Numbers 24:17

Hebrew Bible

15 Then he uttered this oracle: “The oracle of Balaam son of Beor, the oracle of the man whose eyes are open, 16 the oracle of the one who hears the words of God, and who knows the knowledge of the Most High, who sees a vision from the Almighty, although falling flat on the ground with eyes open: 17 ‘I see him, but not now; I behold him, but not close at hand. A star will march forth out of Jacob, and a scepter will rise out of Israel. He will crush the skulls of Moab, and the heads of all the sons of Sheth. 18 Edom will be a possession, Seir, his enemy, will also be a possession; but Israel will act valiantly. 19 A ruler will be established from Jacob; he will destroy the remains of the city.’”

LXX Numbers 24:17


15 And he took up his parable and said, 16 Balaam the son of Beor says, the man who sees truly says, 17 hearing the oracles of God, receiving knowledge from the Most High, and having seen a vision of God in sleep; his eyes were opened. 18 I will point to him, but not now; I bless him, but he draws not near: a star shall rise out of Jacob, a man shall spring out of Israel; and shall crush the princes of Moab, and shall spoil all the sons of Seth. 19 And Edom shall be an inheritance, and Esau his enemy shall be an inheritance of Israel, and Israel wrought valiantly.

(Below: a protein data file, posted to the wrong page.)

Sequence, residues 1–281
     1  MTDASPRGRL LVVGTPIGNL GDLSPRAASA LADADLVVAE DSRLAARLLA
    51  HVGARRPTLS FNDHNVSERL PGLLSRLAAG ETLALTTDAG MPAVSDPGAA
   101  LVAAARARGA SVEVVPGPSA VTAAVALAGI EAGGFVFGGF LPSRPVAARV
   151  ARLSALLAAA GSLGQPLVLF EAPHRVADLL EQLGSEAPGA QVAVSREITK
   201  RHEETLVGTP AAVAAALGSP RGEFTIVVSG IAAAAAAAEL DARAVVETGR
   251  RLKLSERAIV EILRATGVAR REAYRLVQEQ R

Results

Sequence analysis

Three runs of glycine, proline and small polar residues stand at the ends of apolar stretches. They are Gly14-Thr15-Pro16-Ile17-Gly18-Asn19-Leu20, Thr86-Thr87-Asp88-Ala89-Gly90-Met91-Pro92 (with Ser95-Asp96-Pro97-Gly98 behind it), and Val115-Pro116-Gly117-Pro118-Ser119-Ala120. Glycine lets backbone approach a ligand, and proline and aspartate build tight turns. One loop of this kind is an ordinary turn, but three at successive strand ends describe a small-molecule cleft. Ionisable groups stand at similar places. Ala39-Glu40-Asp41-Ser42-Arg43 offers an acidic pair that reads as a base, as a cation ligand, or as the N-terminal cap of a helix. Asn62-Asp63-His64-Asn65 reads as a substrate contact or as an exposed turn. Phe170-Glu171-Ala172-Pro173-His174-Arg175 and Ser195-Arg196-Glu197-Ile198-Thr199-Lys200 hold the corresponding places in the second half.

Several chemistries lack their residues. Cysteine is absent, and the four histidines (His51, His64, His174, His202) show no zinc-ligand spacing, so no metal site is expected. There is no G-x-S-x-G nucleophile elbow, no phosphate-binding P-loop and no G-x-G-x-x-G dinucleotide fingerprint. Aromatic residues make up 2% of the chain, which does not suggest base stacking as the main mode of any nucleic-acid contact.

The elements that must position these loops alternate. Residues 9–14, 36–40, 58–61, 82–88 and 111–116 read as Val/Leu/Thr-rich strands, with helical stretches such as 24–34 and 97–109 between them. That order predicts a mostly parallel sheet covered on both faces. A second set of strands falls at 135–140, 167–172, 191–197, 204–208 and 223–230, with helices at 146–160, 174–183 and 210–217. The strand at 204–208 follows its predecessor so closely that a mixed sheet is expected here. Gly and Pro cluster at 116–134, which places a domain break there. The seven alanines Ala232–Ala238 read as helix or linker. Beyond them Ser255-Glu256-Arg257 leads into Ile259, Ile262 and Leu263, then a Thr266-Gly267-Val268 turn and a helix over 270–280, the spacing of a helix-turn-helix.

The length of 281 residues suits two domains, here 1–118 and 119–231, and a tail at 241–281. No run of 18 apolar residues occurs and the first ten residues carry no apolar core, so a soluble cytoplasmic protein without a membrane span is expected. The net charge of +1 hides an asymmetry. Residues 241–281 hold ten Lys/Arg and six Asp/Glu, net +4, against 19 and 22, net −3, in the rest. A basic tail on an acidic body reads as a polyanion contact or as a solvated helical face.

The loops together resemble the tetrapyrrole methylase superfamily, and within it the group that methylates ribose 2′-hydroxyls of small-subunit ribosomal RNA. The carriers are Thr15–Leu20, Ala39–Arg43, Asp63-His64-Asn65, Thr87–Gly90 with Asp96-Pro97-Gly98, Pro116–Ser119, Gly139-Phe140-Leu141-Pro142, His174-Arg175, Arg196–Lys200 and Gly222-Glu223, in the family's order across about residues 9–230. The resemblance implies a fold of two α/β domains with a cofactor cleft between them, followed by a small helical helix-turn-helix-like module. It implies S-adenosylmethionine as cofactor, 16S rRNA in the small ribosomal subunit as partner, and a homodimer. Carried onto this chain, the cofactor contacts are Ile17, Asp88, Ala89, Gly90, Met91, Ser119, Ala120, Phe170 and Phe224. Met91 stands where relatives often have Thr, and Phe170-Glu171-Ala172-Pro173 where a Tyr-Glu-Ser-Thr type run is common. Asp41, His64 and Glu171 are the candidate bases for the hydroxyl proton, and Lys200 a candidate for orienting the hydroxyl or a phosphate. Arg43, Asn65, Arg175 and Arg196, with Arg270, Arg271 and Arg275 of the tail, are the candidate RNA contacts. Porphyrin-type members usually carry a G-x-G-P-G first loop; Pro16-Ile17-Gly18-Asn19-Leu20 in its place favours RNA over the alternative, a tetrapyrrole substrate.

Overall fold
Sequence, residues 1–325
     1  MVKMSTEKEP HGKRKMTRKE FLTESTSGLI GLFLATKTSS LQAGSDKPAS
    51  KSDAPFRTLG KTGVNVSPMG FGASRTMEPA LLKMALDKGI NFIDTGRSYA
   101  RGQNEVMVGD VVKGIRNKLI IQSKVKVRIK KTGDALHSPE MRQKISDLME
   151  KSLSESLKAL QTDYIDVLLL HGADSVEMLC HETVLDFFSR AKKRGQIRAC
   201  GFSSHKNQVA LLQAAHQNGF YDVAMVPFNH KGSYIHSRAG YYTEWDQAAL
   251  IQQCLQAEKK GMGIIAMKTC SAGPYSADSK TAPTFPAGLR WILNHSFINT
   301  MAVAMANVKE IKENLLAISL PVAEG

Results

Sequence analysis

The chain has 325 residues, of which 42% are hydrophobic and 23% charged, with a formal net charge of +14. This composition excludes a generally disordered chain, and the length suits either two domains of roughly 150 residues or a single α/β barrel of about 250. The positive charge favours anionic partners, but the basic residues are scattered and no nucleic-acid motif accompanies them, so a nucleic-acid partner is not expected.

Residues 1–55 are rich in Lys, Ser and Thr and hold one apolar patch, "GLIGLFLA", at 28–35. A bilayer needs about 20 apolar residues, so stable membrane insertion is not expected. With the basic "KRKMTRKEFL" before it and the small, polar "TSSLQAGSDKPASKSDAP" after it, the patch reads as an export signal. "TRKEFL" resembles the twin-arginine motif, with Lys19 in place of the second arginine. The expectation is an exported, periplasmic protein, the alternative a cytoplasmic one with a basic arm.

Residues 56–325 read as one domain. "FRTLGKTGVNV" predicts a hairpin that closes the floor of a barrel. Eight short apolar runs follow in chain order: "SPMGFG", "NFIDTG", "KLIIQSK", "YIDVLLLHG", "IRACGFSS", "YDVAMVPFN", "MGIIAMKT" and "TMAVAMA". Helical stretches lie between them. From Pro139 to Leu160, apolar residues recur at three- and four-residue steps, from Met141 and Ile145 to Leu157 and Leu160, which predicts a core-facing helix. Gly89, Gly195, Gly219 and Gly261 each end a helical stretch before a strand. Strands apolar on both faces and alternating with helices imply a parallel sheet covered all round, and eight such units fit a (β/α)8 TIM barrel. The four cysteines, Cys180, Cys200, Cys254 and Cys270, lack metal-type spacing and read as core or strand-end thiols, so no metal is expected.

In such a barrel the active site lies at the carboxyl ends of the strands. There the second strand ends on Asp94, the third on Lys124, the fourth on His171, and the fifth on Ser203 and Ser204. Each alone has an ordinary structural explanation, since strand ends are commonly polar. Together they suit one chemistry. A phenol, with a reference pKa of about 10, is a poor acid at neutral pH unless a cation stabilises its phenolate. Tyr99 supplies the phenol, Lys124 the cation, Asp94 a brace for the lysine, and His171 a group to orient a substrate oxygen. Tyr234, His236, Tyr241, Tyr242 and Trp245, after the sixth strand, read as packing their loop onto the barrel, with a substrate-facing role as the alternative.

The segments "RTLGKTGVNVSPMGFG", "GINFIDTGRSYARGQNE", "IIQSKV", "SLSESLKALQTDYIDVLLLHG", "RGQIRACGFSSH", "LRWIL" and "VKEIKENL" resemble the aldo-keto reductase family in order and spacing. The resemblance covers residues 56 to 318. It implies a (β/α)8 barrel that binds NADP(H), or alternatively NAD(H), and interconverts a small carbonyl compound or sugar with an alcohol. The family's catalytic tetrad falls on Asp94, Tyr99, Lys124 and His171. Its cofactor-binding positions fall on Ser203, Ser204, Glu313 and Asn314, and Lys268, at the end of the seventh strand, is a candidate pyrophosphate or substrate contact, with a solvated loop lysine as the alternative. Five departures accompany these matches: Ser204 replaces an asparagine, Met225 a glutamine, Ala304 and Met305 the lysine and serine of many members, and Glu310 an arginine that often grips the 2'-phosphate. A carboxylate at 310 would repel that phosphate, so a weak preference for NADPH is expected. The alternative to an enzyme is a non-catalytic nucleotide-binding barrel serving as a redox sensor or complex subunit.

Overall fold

Notes and References

"... Numbers 24:17 probably communicates that the star or the scepter will break the temples of Moab and crush all the sons of Seth. Scholars debate the connotation of the phrase, “sons of Seth.” It could refer to descendants of Adam’s son, Seth. Alternatively, it might symbolize all nations. There is insufficient evidence to indubitably establish their identity ... Unlike the Masoretic text, the LXX of Numbers 24:17 interprets the star that will rise from Jacob as a man who will arise from Israel. This man will break Moab’s rulers. He will additionally plunder all the sons of Seth ..."

Winchester, Christopher Thematic Association in the Gospel of Matthew: Situating Exegesis in the Gospel of Matthew in its Second Temple Context (p. 114) University of Edinburgh, 2017

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